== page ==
She adopted the plain air method of painting outdoors on location. While painting along the Seine River, she met Émile Bernard, a colleague of Van Gogh, Gauguin, and Cézanne. Bernard encouraged Jones in her work, provided constructive criticism, invited her to parties, etc. She made many connections in the art world while in Paris. At the time, France was the destination of choice for African American artists as it was a less racist environment in which to develop a career.
Loïs Mailou Jones painting in her Paris studio in 1937 or 1938.
This week for my finished piece I knew I wanted to make a pattern inspired by Jones' fabric designs. Many of which had sort of a tropical feel and so I pulled imagery from four of hers. I intended to make something pink and orange similar to the pattern above as that kinda fits with the colors on my site here. But you know how things don't always go according to plan?!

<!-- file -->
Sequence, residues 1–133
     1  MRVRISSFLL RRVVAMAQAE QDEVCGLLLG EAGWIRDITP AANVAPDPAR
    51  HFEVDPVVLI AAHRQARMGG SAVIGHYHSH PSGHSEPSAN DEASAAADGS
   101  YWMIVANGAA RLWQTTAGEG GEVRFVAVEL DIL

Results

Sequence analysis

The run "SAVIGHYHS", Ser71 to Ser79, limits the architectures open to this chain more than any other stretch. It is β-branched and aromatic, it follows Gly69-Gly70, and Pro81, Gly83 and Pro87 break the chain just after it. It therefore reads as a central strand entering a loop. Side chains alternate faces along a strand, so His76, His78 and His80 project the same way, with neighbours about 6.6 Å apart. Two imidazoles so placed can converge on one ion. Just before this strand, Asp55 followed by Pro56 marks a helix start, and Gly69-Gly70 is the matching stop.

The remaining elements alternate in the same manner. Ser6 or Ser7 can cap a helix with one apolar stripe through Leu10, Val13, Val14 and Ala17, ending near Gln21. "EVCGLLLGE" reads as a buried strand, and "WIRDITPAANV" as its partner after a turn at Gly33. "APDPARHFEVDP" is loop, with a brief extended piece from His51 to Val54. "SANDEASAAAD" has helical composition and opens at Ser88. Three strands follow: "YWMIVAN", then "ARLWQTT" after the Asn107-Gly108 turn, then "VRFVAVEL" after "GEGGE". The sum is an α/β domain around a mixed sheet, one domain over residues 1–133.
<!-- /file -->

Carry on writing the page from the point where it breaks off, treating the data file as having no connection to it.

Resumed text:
I played around with colors and layers and settings for hours! And I probably would still be doing that if I didn't have an appointment today! :) I had a much more detailed pattern in place similar to hers but I ended up liking these with a stamped look much better and so I made myself stop here! Pattern making is SO fun but if I did it all the time, I don't think I'd ever leave my computer. I kept wanting to make "just one more little change."
And then I could have spent hours on this too but here's a little glimpse into how I'd use these patterns. Ok time to step away from the computer!